Every chapter I read got me thinking about starting. Just like when we teach our students I knew I needed to start from where I was. I needed to look at my own teaching and was there anything I was already doing that was pirate like....I started writing in my notebook (happily I thought of a few right off the bat).
Then, is there anything I can easily add? (I thought of a few more)
And lastly I was asking myself, What really needs fixed? (Plenty....I need to keep asking myself all 170 "Captain Hook" questions as I prepare my lessons and keep a notebook handy)
THEN I read the chapter and realized that this wasn't about doing....but was about what is holding us back from doing. It is about overcoming our fears. So True!! I always have good intentions. But talk is cheap and why don't I do more of what I talk about doing? FEAR!
Dave Burgess says, "taking the first step is often the hardest part of the journey". I love to go repelling. But the absolute hardest part every time is taking that first step backwards off the mountain. I know it will be fun. I have checked my ropes and I know they are secure. I trust my belayer, but I am scared to death until I just step, once, then twice....now I am having fun!
I procrastinate a lot. A lot! I read once that perfectionists do that. Their fear of failure keeps them from doing. That I think is me. Dave talks about four excuses people use for not being the great teacher they really want to be.
First, I like to call the all or nothing....if I am not perfect I have failed. Dave calls it Fear of Failure. So what if you fail, at least you know something not to try. So what if not every student is engaged, at least more are engaged than would have been if you had not tried. Teaching, and life, does not have to be an all or nothing game.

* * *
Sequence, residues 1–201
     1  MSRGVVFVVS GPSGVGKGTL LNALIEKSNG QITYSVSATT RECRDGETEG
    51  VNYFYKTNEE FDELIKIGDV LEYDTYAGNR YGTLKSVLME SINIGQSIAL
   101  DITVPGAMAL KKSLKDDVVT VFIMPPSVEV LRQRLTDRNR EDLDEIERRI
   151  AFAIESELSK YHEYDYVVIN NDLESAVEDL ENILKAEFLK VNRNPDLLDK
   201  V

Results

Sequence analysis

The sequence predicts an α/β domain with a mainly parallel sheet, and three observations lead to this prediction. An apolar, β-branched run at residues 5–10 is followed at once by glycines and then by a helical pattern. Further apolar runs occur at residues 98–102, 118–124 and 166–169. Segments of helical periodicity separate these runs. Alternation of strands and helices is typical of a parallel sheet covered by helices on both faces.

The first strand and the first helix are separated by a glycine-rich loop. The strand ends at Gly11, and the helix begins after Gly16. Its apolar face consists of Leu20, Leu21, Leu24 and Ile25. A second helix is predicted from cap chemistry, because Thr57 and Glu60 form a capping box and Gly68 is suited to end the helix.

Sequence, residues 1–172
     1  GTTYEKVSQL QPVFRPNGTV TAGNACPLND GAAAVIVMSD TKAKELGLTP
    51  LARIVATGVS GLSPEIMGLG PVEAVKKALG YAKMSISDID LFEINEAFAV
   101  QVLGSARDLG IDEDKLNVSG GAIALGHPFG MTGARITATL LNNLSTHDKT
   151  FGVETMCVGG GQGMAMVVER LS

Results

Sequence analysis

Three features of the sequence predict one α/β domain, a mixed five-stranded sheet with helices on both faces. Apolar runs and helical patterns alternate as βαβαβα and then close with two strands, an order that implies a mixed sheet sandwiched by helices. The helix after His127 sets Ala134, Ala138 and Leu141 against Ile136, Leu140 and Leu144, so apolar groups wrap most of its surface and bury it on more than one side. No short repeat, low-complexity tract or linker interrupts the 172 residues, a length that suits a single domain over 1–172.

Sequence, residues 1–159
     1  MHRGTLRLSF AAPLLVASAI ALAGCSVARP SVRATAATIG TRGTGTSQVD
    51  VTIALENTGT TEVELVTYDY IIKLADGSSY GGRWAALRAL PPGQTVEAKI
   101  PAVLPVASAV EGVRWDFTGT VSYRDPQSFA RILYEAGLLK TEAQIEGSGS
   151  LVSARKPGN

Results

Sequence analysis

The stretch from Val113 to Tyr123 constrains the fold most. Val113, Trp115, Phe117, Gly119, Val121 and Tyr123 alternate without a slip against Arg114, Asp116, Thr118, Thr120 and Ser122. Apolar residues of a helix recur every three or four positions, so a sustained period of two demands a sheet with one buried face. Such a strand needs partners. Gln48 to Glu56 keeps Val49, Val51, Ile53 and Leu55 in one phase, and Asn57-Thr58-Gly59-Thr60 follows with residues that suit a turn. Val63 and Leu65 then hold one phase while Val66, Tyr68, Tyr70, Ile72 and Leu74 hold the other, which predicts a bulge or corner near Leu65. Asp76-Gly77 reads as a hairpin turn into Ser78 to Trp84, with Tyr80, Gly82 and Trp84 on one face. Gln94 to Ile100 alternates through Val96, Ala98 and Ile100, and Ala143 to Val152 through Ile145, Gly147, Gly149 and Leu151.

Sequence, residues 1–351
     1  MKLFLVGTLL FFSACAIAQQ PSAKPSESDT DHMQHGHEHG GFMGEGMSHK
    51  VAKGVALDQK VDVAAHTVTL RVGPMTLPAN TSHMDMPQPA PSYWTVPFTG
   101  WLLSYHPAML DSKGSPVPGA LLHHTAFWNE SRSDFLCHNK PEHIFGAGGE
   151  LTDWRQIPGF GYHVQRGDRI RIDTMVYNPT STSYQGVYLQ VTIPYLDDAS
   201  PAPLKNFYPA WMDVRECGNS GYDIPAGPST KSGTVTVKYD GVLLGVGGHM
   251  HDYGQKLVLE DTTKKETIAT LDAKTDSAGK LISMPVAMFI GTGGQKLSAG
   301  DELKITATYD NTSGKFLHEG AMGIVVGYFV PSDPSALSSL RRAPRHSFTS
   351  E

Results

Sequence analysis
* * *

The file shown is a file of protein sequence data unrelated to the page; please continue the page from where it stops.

Second, is You Have to Figure It All Out Before You Begin. This is my, "If you wait until it's perfect....you will never get started". I like when Dave says, "Nobody is going to die if we experiment in the classroom and it doesn't work out." Just come back the next day and try again, your students will be better off than if you were standing still.
Third, ties all my excuses together, Perfectionism. For me this is big. If I am not 100% perfect, I don't start. I will wait until I have it all figured out. I bounce from this thing to that trying to find the one that is perfect. Dave says, and this must become my mantra...."You can either talk about all the great things you are going to do or you can actually do them."
Fourth, Focus. We need to be careful about keeping ourselves busy and over-scheduled. Just like in the chapter where we learned that everything is a choice, we are reminded that any time you say yes to something, you are saying no to something else. Pirates need to stay focused on that which is most important. Like Stephen Covey tells us, we need to fill our jar with the big things first.
Last is Fear of Criticism or Ridicule. I love when Dave says, "You can fear it all you want....it's still coming." I always told my Cub Scouters at trainings that you can't be a good Cubmaster if you are afraid to make a fool out of yourself. In scouting, while I am singing, or performing I don't mind being silly or foolish, but in the classroom I don't want parents, administration, or other teachers thinking I am a fool, For that reason I often play it safe.
Nike says...Just Do It! Dave Burgess says...When in doubt, take action! He reminds us that, "the best way to overcome fear is to take action. The more action you take and the quicker you take it the better." I know that when I am afraid of doing something (like making a phone call, I hate making phone calls of any kind)....when I finally take a deep breath and just start dialing it is never as bad as I imagined it to be. I just need to learn to take that breath quicker.
Whether we are stepping backwards off a cliff or walking the plank, it is best to just JUMP in and DO it. Take a deep breath and begin. Rip that bandage off all at once, quickly. The water is fine once you get in. Pirates can learn to swim!